Campus Shooter Was Off His Meds

Illustration for article titled Campus Shooter Was Off His Meds

"There were no red flags. He was an outstanding student. He was someone who was revered by the faculty and students alike," the Northern Illinois University police chief is saying of the 27-year-old grad student Stephen Kazmierczak, who yesterday walked into a packed geology class, swung open a guitar case full of guns and began shooting them at students before turning one of them on himself. The only motive thus far? He'd been on some meds, but he'd recently gone off them. What no one seems to be pointing out is that Kazmierczak wasn't a current student at the school, and so even if Northern Illinois hadn't responded to last year's Virginia Tech massacre by vigilantly following up on every scrawling of iffy graffiti, rooting out every aggressively antisocial kid, re=examining its "protocol" for handling armed suicidal maniacs, no one could very well get canned for this. Which is the sad thing about random, flourish-heavy never-saw-it-coming acts of violence: the resultant meaningless panicked scurrying around to make sure no one sues the school always manages to eclipse the glaringly obvious violence you could like totally see coming.

For every classroom full of kids stunned by their first sounds of real gunfire — "It was like little explosions," one student said — there's a classroom way fuller of kids in a neighborhood that looks like something straight out of The Wire, and a support group full of soldiers' wives who can't get the Army to keep their husbands from beating them, folks for whom those "little explosions" are just like your buzzing refrigerator or whatever the soundtrack to everynight life. I know, I know, boring, but why oh why doesn't anyone ever bother the connection, even rhetorically? That when you can't make sense of an act of violence, let it remind you of those you can make sense of?

"No Red Flags" Before Campus Shooting [Washington Post]
Steve Kazmierczak Profile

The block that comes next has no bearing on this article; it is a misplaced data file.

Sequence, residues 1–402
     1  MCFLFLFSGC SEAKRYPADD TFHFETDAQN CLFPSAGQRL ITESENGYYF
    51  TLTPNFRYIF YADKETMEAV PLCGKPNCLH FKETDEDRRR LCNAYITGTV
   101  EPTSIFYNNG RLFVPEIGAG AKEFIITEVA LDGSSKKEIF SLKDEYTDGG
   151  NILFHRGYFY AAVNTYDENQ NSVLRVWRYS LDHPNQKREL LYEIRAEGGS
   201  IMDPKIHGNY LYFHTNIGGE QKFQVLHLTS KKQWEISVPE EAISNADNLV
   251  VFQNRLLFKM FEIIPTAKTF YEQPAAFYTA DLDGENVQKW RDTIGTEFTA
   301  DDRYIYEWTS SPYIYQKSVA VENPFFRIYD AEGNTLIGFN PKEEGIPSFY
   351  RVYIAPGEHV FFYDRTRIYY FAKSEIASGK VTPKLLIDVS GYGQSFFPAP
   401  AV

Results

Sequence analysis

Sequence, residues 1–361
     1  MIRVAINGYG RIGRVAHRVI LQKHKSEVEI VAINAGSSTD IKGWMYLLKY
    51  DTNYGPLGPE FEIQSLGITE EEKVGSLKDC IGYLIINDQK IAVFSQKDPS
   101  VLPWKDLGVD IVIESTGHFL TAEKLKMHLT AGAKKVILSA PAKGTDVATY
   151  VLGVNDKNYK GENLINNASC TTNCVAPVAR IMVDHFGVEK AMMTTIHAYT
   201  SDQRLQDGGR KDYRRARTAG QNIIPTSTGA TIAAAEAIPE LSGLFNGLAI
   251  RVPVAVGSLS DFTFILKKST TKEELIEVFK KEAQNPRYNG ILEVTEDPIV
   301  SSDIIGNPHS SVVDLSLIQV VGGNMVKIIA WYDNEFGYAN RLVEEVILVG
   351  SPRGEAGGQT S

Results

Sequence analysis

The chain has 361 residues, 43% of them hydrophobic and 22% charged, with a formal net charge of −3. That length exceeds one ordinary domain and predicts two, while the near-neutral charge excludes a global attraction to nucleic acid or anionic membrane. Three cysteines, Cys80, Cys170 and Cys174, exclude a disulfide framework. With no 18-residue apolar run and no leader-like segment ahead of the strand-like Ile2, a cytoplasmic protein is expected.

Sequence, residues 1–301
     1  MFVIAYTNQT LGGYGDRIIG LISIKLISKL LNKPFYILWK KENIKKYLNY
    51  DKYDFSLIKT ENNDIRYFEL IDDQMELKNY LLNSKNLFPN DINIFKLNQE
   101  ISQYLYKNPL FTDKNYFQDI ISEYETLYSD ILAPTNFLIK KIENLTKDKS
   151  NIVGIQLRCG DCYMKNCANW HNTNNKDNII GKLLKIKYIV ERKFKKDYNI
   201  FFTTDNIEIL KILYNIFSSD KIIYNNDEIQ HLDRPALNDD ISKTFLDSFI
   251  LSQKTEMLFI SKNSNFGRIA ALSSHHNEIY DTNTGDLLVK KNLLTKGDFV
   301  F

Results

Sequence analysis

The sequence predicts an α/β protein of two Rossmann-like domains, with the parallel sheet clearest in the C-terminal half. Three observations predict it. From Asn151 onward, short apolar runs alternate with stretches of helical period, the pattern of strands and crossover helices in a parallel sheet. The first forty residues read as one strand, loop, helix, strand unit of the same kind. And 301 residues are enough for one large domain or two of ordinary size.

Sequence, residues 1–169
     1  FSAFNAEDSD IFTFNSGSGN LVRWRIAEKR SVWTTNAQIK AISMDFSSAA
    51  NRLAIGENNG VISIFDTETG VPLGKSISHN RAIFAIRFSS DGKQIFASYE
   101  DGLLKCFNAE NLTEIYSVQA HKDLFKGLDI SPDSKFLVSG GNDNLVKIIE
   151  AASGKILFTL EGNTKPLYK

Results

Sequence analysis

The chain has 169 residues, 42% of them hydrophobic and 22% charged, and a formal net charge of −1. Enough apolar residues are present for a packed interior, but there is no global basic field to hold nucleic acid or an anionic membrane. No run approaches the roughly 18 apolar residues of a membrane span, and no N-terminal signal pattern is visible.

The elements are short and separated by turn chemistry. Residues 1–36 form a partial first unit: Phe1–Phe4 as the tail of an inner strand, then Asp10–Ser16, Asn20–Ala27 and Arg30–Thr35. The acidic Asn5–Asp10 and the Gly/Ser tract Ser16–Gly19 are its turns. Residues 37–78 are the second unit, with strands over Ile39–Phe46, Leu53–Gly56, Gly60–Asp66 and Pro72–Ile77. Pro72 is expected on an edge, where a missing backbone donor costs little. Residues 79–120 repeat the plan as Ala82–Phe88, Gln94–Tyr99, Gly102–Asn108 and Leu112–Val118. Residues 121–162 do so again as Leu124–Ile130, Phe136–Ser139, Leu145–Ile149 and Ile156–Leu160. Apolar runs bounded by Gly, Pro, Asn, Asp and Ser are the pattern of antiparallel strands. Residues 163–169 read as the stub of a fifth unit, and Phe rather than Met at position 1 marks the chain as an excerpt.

When Strains On Military Families Turn Deadly [NY Times]

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Alright, one thing that I absolutely hate about having bipolar disorder (which I've been taking medication for, following the usual process that's involved with figuring out what and how much of it is going to be the right combination DOES seem pretty similar to Alice in Wonderland's whole experience, since 2000) is how the media presents anyone diagnosed with any condition that falls into the category of mental illness. Now, I understand that it's pretty unlikely for any news reports that describe a person who has been able to succeed in life despite having to deal with being mentally ill — it's only important when one of us has gone off of our medication and decided to get over to a mall or school so that we can start shooting people with the guns that we're all issued when we first get diagnosed with a mental illness. Yeah, along with a bunch of medications, they hand out pamphlets about all the things you will be excluded from doing in life, how to adjust your goals in life to accomodate your condition, social effects that will come along whether it's family friends or romantic relationships, the government sends each of us "crazy people" a couple of options to choose from as far as what kind of firearm we'd like to have — once you return the form after filling it out completely, they send you your own gun, which normally arrives in 6-8 weeks, for shooting rampages or just offing yourself with!

Most of the sucess stories aren't all that interesting when compared to the occasional shooting at a local college or community facility that involves someone with a mental illness whose history of noncompliance with taking their medication - usually will come up during the initial contact with someone's psychiatrist if they actually see one on a regular basis. But what would it hurt, or how much would it cost, if once in a while there was a story in the news telling the world what a few of us did with our lives instead of going on a shooting spree? I can't be the only one that managed to get into law school and will be graduating like the rest of my classmates — there are doctors like Kay Redfield Jamison who are able to practice medicine despite being diagnosed with bipolar disorder themselves! With how many people there has been estimated to be living with bipolar, schizophrenia, depression, etc, maybe it would help to bring up positive things that can be achieved so that it's a lot less miserable-looking for those considering doing what'll get them in the news.